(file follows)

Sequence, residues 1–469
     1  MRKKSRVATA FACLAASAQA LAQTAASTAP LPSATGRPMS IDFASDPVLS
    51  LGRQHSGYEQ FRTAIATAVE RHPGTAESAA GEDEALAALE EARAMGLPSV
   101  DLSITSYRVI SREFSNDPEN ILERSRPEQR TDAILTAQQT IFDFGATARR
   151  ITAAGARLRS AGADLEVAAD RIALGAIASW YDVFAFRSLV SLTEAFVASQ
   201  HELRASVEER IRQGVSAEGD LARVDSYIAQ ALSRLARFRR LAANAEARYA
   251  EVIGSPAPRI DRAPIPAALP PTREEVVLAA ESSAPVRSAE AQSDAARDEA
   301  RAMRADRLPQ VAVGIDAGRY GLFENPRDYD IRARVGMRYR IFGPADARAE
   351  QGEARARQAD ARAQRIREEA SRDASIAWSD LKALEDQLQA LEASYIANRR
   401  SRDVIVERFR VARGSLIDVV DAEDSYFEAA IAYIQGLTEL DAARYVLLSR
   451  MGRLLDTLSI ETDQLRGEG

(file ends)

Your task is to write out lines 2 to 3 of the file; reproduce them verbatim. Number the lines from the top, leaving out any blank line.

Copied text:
     1  MRKKSRVATA FACLAASAQA LAQTAASTAP LPSATGRPMS IDFASDPVLS
    51  LGRQHSGYEQ FRTAIATAVE RHPGTAESAA GEDEALAALE EARAMGLPSV